Pa. House debates plan to cover uninsured adults
by MARK SCOLFORO – The Associated Press
HARRISBURG, Pa. – House Democrats on Wednesday introduced a billion-dollar-plus plan to roll out state-subsidized health insurance for about 270,000 uninsured Pennsylvania adults over the next five years.Backers promoted it as the next logical step to follow recent state laws that cover children and pay prescription costs for the elderly.
The sponsor, Rep. Todd Eachus, D-Luzerne, said it is nearly impossible to survive in modern society without health insurance.
“If you don’t have health care in Pennsylvania, frankly, you can lose everything,” he said.
Rep. John Maher, R-Allegheny, criticized its funding mechanism and the need for other legislation to pass in order for Eachus’ measure to take effect.
“How many people will get more health care under this law?” Maher said. “The sum total of people that will have extended health care come July, come December, come a year from now, under this law, would be zero.”
Funding would come from premiums paid by the people covered, tobacco settlement money currently used for the state’s existing health insurance subsidy for adults, and money that subsidizes medical malpractice insurance for doctors.
Legal residents ages 19 to 64 who meet income guidelines and who have gone six months without insurance would qualify for what would be known as the Pennsylvania Access to Basic Care program. People at higher incomes would pay monthly premiums.
The money also would help companies with fewer than 50 employees provide health insurance as long as coverage is offered to each employee, and half the employees participate.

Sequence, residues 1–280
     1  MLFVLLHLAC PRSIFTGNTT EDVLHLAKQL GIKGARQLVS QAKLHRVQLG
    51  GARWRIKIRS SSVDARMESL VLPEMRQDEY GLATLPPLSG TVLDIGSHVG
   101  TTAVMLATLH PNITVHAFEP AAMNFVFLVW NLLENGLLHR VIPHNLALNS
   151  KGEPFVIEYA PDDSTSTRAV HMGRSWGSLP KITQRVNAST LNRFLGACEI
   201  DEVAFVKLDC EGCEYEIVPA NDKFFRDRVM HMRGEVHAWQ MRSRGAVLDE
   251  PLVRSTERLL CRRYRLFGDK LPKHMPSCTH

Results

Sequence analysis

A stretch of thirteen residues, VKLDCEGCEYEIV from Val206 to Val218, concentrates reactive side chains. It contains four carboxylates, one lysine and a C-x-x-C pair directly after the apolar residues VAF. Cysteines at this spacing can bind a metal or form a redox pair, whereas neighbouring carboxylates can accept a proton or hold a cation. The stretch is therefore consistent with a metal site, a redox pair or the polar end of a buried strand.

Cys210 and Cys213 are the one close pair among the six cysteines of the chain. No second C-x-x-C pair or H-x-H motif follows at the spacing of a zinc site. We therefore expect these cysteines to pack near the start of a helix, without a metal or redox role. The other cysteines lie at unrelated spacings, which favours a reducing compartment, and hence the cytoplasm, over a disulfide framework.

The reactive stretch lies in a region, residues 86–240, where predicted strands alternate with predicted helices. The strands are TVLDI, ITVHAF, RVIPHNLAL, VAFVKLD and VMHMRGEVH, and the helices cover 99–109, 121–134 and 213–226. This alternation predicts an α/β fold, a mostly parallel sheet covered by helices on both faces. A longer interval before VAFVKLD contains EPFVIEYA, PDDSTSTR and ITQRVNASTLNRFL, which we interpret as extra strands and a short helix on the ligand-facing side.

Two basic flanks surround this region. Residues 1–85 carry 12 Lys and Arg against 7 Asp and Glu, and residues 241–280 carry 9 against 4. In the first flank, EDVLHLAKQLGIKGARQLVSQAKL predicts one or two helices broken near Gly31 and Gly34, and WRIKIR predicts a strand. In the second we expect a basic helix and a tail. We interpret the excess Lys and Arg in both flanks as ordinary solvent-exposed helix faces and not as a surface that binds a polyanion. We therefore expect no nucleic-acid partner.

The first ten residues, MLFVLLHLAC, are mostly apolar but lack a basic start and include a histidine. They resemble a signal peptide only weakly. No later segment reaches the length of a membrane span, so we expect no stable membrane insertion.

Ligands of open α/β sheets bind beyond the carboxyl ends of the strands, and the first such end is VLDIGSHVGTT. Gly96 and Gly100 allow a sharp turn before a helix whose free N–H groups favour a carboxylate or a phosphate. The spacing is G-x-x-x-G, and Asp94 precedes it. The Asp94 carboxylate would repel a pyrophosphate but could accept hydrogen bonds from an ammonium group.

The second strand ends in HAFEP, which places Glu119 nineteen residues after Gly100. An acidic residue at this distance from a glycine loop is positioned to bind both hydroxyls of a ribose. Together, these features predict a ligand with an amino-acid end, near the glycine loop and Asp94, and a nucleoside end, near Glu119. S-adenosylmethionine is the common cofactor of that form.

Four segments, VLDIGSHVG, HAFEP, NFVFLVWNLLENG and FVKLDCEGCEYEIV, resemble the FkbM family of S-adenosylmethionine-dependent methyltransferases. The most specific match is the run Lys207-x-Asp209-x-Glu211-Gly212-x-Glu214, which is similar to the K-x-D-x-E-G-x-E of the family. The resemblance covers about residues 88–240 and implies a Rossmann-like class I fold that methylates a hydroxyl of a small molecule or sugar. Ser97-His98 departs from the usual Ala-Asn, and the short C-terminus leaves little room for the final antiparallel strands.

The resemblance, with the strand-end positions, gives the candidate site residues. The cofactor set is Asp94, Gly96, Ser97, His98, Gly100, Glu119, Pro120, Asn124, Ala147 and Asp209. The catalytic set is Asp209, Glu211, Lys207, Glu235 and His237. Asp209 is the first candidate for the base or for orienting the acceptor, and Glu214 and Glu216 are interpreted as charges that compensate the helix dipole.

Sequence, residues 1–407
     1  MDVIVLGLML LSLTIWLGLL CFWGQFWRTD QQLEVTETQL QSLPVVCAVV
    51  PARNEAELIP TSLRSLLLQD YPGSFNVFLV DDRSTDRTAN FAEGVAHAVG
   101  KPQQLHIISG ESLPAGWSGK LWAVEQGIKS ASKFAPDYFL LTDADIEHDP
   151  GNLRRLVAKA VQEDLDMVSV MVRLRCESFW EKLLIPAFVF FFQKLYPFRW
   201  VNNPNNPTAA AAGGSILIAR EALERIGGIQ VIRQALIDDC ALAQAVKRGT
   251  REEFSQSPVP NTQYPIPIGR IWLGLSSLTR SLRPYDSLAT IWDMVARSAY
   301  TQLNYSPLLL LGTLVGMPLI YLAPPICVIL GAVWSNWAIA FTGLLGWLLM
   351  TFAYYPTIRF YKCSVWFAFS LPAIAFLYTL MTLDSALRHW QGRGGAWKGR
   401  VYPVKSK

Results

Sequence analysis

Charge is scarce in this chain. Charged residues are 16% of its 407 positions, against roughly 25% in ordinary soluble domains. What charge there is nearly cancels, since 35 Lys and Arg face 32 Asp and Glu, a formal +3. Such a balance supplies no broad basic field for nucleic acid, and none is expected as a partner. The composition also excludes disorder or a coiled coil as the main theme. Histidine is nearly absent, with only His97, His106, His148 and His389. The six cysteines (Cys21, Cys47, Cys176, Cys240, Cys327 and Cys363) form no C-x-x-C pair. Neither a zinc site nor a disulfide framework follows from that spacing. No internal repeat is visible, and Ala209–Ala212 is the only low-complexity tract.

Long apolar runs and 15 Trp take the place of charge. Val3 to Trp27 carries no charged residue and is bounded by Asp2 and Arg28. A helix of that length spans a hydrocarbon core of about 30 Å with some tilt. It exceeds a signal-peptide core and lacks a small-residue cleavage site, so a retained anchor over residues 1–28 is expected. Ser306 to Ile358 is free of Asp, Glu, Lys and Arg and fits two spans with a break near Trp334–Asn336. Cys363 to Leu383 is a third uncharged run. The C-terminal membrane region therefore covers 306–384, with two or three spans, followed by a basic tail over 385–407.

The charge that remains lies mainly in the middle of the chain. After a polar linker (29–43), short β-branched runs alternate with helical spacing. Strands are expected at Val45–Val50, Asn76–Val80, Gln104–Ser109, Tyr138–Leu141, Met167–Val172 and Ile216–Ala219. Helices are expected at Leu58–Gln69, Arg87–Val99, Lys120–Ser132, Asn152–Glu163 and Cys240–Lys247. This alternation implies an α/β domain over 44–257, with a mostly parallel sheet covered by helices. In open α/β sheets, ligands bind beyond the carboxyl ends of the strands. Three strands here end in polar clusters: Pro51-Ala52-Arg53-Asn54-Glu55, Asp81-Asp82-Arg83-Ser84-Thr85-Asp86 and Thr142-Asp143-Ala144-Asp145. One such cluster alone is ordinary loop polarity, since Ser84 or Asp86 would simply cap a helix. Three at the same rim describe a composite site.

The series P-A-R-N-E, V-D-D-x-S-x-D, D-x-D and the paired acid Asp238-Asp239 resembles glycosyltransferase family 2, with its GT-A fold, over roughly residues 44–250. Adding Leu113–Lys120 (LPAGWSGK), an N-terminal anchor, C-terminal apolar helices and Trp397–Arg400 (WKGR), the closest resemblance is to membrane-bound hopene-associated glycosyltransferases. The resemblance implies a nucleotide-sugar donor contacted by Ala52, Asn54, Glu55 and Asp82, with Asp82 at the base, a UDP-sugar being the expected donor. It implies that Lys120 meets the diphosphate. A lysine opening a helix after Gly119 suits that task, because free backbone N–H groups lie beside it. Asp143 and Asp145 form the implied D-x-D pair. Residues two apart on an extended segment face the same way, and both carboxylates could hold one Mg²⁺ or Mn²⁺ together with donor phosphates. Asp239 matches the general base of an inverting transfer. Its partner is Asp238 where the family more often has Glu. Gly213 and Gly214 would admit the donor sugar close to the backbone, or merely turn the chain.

The program would be similar to the adultBasic insurance program that already exists, and eliminate adultBasic’s 80,000-person waiting list. But it would add four types of coverage to what is available under adultBasic: prescriptions, behavioral health, prevention and wellness, and chronic disease management.
Physicians would still be eligible for the malpractice subsidy if they consent to treat patients covered by the new health care program as well as those under the “Cover All Kids” health insurance program passed in 2006.
A spokesman for Democratic Gov. Ed Rendell, who wants to cover all 800,000 uninsured Pennsylvania adults, said the governor was supportive of the legislation as a step in the right direction.
Eachus’ legislation was an omnibus amendment to a bill that already passed the Senate that extended the doctors’ malpractice subsidy.
Republicans objected to the diversion of medical malpractice funds, but a series of GOP amendments to address that issue were defeated along party lines.